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In Gingrich, Romney May Face Toughest Foe Yet

Newt Gingrich in Bluffton, S.C., Tuesday, Nov. 29, 2011.
Stephen Morton

Republican voters may have saved the best for last in terms of the latest obstacle they've placed between Mitt Romney and what was supposed to have been his inevitable march to the 2012 Republican presidential nomination — Newt Gingrich.

Essentially written off after his campaign seemingly imploded last summer and because of the manifest personal baggage he brings to a presidential campaign, Gingrich stuck around long enough to have his moment, to catch fire after Herman Cain flamed out.

With Cain, Texas Gov. Rick Perry and Rep. Michele Bachmann of Minnesota — each of whom briefly challenged Romney for frontrunner status — many Republican voters clearly had difficulty, for one reason or another, seeing those candidates standing toe-to-toe with President Obama in a presidential debate.

But Gingrich doesn't have that problem. He is one of the glibbest politicians of the age, who rattles off full sentences, even paragraphs effortlessly even if some content might be immediately suspect.

While he can often cause the brains of his listeners to fade, overwhelming them with the sheer torrent of words he can emit, his apparently doesn't.

He's also already had the experience of facing off against a Democratic president, Bill Clinton, during the 1990s, with mixed results certainly as House speaker but it's still an important part of his resume. And Romney can make no similar claim.

So the most immediate problem Gingrich confronts Romney with is that, at the very least, few question his ability to not just show up but probably even score points in debates against Obama. Romney no longer looks like the one on the Republican stage of candidates with the most realistic chance to do that.

But there's a bigger problem. Gingrich is also justified in making the claim that, since the 1980s, he has been an important contributor to the conservative movement, with his ideas not only influencing his party's direction in Congress but also, arguably, Ronald Reagan's 1980 campaign and later presidency.

Indeed, at the same time that Gingrich was at the zenith of conservative power in 1996 as speaker, Romney was moving to the left in Massachusetts in an unsuccessful attempt to unseat Sen. Ted Kennedy, the liberal legend.

Romney initial attempt to stomp out the Gingrich boom is to brand the former speaker as a Washington lifer, a soft jab he made Tuesday night during an interview with Brett Baier on Fox News:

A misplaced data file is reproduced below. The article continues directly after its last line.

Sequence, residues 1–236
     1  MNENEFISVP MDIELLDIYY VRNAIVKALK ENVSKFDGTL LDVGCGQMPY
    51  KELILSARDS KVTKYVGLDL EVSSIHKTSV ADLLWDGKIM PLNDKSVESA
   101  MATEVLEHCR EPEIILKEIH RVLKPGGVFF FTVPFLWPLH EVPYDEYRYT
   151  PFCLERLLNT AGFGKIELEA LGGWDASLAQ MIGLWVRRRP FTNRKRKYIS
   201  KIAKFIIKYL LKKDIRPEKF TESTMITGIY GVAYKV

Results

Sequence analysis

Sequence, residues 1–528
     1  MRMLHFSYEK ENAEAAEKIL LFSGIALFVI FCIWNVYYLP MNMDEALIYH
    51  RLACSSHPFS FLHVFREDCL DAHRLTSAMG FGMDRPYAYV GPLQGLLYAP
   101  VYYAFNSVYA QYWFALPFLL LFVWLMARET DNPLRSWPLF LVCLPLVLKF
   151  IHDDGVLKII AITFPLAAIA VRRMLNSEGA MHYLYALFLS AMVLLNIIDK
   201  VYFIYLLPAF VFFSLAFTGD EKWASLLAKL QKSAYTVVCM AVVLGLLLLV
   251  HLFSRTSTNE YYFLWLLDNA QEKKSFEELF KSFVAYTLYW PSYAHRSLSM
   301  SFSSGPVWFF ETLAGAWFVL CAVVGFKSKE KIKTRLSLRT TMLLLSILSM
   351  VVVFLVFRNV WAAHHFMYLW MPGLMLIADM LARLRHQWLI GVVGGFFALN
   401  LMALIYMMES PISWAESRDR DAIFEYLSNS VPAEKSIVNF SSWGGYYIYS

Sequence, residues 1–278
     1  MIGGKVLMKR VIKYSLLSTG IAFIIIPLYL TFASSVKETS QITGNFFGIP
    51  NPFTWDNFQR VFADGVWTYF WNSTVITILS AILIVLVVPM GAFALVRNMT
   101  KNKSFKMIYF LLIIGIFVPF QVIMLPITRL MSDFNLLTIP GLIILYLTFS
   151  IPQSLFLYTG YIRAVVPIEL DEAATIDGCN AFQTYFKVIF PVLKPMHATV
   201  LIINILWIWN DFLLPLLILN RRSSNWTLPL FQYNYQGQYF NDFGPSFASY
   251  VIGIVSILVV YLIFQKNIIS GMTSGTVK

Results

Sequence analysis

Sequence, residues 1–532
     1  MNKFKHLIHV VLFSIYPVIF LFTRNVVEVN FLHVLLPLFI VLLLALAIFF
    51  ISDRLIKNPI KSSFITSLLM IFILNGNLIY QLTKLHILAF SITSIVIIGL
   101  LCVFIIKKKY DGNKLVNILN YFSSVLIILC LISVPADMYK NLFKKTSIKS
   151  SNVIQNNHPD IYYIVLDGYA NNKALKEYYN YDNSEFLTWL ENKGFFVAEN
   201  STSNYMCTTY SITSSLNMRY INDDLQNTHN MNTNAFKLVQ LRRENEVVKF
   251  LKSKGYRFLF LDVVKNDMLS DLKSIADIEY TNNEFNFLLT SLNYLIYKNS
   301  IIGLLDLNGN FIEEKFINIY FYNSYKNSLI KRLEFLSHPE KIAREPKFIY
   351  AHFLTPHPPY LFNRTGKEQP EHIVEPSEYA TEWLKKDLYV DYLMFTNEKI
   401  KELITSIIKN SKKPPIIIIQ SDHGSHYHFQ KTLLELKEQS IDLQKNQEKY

ROMNEY: "Speaker Gingrich is a good man. He and I have very different backgrounds. He spent his last 30 or 40 years in Washington. I spent my career in the private sector. I think that's what the country needs right now."

Romney suggested that Obama being a "life-long politician" it would be best if Republicans nominated someone who wasn't, like himself, the implication being Gingrich can't make the same claim.

Of course, having made millions of dollars in the "strategic advice" business, Gingrich has shown himself to be quite the entrepreneur as well who can claim his own private-sector success.

Romney is ultimately is likely going to have to come up with a far tougher negative message against Gingrich than the argument that he's a Washington lifer. Gingrich has been called far worse and survived politically. Thrived, even.

A new Insider Advantage/Majority Opinion Research poll out of Florida that was done for NewsMax shows Gingrich with a 24 percentage point lead over Romney in that critical state, 41.4 percent versus 17.4 percent.

Meanwhile, polls are showing Gingrich leading in the other early primary states of Iowa and South Carolina.

Romney still has significant advantages over Gingrich, such as money, organization and much of the GOP establishment aligning itself with him.

And he'll need all of that. Because he's probably not going to be able to outargue Gingrich. And he probably won't be able to out Reagan Gingrich, either.

Copyright 2020 NPR. To see more, visit https://www.npr.org.

Frank James joined NPR News in April 2009 to launch the blog, "The Two-Way," with co-blogger Mark Memmott.
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